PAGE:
• Flock to Fedora 2019 Conference report

    Last week I attended “Flock to Fedora” conference in Budapest, Hungary. It was a Fedora contributors conference where I met some developers, project leaders, GSoC interns. Below is a brief report of my attendance.

  • What salary can a sysadmin expect to earn?

    The path to reliable salary data sometimes is sometimes paved with frustration. That’s because the honest answer to a reasonable question—what should I be paid for this job?—is usually: "It depends." Location, experience, skill set, industry, and other factors all impact someone’s actual compensation. For example, there’s rarely a single, agreed-upon salary for a particular job title or role. All of the above applies to system administrators. It’s a common, long-established IT job that spans many industries, company sizes, and other variables. While sysadmins may share some common fundamentals, it’s certainly not a one-size-fits-all position, and it’s all the truer as some sysadmin roles evolve to take on cloud, DevOps, and other responsibilities. What salary can you expect to earn as a sysadmin? Yeah, it depends. However, that doesn’t mean you can’t get a clear picture of what sysadmin compensation looks like, including specific numbers. This is information worth having handy if you’re a sysadmin on the job market or seeking a promotion. Let’s start with some good news from a compensation standpoint. Sysadmins—like other IT pros these days—are in demand. "In today’s business environment, companies are innovating and moving faster than ever before, and they need systems that can keep up with the pace of their projects and communications, as well as help everything run smoothly," says Robert Sutton, district president for the recruiting firm Robert Half Technology. "That’s why systems administrators are among the IT professionals who can expect to see a growing salary over the next year or so."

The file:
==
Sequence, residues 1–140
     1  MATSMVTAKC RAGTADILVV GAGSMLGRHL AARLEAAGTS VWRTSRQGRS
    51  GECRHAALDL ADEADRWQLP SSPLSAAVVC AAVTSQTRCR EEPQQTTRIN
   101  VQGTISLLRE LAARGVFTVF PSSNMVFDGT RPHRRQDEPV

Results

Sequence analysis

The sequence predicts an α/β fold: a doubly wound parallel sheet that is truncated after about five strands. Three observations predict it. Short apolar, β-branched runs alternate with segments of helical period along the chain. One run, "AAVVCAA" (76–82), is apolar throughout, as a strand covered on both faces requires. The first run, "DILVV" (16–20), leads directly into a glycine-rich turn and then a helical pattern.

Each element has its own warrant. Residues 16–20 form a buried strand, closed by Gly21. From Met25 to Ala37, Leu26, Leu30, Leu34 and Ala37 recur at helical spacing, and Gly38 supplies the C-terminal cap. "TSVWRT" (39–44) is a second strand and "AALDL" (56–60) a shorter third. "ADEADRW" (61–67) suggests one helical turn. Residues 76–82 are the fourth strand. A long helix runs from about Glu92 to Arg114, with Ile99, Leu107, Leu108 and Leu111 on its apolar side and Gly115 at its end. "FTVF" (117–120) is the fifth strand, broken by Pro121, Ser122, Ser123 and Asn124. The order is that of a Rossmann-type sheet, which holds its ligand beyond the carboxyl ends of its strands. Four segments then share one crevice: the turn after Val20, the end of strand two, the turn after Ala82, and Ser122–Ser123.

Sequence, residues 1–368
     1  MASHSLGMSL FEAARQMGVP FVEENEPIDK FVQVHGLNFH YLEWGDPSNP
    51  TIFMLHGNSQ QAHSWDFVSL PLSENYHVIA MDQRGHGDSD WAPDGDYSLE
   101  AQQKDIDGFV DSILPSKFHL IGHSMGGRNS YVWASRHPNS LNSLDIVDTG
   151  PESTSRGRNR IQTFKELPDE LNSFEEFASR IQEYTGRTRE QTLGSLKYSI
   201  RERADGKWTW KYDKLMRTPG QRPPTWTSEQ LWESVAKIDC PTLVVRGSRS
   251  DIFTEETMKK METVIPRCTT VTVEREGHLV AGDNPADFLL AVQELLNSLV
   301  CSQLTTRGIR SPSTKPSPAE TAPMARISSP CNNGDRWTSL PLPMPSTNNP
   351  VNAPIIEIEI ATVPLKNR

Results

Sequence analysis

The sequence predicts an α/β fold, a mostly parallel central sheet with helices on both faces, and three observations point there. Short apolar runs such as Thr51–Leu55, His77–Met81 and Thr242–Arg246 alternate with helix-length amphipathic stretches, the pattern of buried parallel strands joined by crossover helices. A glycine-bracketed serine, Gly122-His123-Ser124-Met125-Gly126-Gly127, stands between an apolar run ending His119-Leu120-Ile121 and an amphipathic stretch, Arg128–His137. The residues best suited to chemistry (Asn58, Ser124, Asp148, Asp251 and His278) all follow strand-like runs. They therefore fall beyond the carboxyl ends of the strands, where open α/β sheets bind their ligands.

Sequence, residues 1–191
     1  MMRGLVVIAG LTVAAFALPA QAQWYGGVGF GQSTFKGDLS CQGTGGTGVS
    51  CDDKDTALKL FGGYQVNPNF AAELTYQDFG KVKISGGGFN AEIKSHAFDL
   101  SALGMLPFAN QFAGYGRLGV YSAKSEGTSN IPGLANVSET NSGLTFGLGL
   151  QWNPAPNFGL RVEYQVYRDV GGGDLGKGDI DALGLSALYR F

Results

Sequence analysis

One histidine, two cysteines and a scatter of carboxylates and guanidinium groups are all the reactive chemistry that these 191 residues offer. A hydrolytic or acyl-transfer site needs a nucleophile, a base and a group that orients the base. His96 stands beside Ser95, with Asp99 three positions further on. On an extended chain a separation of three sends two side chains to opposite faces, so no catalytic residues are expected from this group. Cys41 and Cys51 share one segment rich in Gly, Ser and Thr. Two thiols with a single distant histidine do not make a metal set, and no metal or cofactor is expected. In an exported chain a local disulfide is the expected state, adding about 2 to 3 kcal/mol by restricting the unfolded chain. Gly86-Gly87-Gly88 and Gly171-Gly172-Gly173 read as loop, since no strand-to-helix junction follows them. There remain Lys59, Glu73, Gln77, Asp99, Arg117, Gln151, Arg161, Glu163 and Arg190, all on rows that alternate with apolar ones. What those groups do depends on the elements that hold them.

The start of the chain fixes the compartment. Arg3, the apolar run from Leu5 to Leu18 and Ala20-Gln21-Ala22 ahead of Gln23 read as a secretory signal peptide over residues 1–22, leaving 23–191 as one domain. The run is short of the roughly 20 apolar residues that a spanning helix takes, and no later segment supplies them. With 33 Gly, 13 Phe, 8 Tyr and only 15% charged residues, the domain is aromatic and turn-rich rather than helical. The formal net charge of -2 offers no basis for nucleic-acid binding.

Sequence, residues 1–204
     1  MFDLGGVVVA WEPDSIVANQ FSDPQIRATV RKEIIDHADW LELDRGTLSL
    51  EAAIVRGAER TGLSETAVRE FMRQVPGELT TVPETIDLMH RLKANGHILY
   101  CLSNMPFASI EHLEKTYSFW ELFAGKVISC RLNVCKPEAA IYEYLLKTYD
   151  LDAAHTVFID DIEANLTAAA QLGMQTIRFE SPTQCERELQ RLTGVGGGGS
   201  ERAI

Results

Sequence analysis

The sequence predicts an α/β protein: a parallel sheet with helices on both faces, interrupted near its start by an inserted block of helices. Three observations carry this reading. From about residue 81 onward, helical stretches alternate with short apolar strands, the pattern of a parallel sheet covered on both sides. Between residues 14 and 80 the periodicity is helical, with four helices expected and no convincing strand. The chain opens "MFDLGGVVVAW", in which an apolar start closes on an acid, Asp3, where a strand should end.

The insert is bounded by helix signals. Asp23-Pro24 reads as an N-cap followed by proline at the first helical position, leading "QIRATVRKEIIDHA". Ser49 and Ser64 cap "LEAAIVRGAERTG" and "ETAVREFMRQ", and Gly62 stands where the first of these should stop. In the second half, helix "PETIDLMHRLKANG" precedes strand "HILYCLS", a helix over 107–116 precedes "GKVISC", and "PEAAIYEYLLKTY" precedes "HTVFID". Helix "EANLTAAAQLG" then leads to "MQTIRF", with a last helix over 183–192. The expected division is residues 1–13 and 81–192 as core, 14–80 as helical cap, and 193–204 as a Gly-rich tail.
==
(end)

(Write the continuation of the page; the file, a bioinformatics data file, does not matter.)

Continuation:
• Run Mixed IT Efficiently, The Adient – SUSE Way.

    When you have multiple distributions, such as Red Hat and SUSE, you can reduce administration complexity and save administration time and resources with a common management tool. Adient had applications running on both SUSE Linux Enterprise Server and Red Hat Enterprise Linux. Adient deployed SUSE Manager to manage their Mixed IT environment involving both distributions.

  • Package Management Domain Model

    When I wrote this model, we were trying to unify a few different sorts of packages. Coming from SpaceWalk, part of the team was used to wokring on RPMS with the RPM Database for storage, and Yum as the mechanism for fetching them. The other part of the team was coming from the JBoss side, working with JAR, WAR, EAR and associated files, and the Ivy or Maven building and fetching the files. We were working within the context of the Red Hat Network (as it was then called) for delivering content to subscribers. Thus, we had the concept of Errata, Channels, and Entitlements which are somewhat different from what other organizations call these things, but the concepts should be general enough to cover a range of systems. There are many gaps in this diagram. It does not discuss the building of packages, nor the relationship between source and binary packages. It also does not provide a way to distinguish between the package storage system and the package fetch mechanism. But the bones are solid. I’ve used this diagram for a few years, and it is useful.

Review: AcademiX GNU/Linux 2.2